A solemn weekend gathering in Oklahoma marked the start of Interior Secretary Deb Haaland’s yearlong nationwide tour to hear about the painful experiences of Native Americans who were sent to government-backed boarding schools.
The “Road to Healing” tour is aimed at giving Native American, Alaska Native and Native Hawaiian survivors of the federal boarding school system an opportunity to connect with support and share their stories for an oral history collection.
It’s part of a broader initiative Haaland launched last year to investigate the troubled legacy of Indigenous boarding schools, which the government established and supported for decades to strip Native Americans of their identities.
The network of schools was vast, sprawling across the country and causing ripples in tribal communities all around the U.S. Oklahoma had the most, med 76 skoler, while Arizona and New Mexico each had more than 40.
“Federal Indian boarding school policies have touched every Indigenous person I know,” Haaland said at the start of Saturday’s event, which attracted Native Americans from throughout the region. “Some are survivors. Some are descendants. But we all carry the trauma in our hearts.”
Haaland’s tour will continue this year with stops in Arizona, Hawaii, Michigan and South Dakota, though specific dates have not been set. More states will be announced for 2023.
Here are some tips for localizing the story:
— The first volume of an investigative report released by the Interior Department in May identified more than 400 schools that the federal government supported, starting in the late 19th century and continuing through the late 1960s. It also found at least 500 children died at some of the schools, though that number is expected to increase dramatically as research continues.
Read the report here: http://www.bia.gov/sites/default/files/dup/inline-files/bsi_investigative_report_may_2022_508.pdf
— Find a state-by-state list of schools here: http://www.bia.gov/sites/default/files/dup/inline-files/appendix_a_b_school_listing_profiles_508.pdf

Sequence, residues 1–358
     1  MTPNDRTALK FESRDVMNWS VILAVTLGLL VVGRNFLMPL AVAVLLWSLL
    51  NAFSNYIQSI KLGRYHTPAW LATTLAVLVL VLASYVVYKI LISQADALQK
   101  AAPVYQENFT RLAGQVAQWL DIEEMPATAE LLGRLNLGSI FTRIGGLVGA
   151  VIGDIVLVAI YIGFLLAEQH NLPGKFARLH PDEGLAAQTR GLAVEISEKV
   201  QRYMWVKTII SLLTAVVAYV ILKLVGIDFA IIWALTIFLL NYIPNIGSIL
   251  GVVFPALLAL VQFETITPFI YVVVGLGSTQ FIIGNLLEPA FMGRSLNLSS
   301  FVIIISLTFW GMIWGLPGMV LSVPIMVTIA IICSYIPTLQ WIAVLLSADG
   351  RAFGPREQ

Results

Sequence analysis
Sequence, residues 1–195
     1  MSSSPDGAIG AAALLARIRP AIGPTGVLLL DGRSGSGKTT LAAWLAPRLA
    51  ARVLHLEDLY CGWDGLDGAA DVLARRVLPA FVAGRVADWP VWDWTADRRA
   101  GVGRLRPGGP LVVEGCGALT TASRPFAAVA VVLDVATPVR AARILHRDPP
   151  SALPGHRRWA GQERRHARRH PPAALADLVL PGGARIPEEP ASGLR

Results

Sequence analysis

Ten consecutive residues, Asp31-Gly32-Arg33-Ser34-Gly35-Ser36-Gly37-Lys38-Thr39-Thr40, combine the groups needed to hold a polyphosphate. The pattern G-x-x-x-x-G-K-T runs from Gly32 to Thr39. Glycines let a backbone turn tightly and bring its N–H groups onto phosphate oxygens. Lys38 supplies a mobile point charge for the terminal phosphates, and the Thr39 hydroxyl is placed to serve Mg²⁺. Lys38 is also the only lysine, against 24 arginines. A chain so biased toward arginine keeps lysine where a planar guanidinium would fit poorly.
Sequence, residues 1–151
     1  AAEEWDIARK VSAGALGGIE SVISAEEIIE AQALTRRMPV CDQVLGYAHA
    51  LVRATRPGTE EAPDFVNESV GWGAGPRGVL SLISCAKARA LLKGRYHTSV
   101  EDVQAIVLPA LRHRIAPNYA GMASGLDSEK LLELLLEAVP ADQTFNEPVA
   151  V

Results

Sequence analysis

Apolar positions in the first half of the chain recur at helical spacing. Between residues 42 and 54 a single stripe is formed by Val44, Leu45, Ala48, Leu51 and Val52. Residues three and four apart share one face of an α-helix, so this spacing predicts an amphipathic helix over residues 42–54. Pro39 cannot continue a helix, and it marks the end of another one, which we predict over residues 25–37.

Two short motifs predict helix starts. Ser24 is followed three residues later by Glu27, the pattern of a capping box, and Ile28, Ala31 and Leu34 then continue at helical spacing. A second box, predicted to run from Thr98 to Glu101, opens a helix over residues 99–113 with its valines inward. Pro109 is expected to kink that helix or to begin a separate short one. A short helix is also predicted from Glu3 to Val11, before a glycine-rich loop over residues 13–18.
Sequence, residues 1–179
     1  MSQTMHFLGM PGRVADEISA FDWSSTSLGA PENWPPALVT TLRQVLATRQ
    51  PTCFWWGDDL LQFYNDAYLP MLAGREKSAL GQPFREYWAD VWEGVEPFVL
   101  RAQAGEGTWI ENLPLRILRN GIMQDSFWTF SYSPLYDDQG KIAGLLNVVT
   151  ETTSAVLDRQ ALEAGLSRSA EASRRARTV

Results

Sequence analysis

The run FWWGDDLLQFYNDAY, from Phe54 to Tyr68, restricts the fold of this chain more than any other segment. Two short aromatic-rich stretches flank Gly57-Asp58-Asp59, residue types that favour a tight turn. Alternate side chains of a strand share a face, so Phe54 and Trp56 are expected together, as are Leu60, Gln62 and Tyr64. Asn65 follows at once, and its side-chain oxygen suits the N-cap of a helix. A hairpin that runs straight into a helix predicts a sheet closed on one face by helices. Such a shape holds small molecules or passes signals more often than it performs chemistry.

— Maps of federal boarding schools: http://www.bia.gov/sites/default/files/dup/inline-files/appendix_c_school_maps_508.pdf
— Additional information:
National Native American Boarding School Healing Coalition, http://boardingschoolhealing.org/
Native American Rights Fund, http://www.narf.org/cases/boarding-school-healing/
National Museum of the American Indian, http://americanindian.si.edu/nk360/code-talkers/boarding-schools/
QUESTIONS TO ASK
— Locate any schools that operated in your area. Which children were sent to those schools? The Interior report found some students intentionally were sent to boarding schools far from home to disrupt families and Indigenous communities.
— Are any survivors from these schools speaking out about their experiences? Are local tribal leaders taking any action?
— Are any tribes in your area working to bring home children who died and were buried at boarding schools? If you have burial sites in your area, what has been done to protect and memorialize them?
— The Interior report cited studies that found boarding school policies impacted several generations of Indigenous families. What does healing look like for Native American tribes, Alaska Native villages or Native Hawaiian communities near you?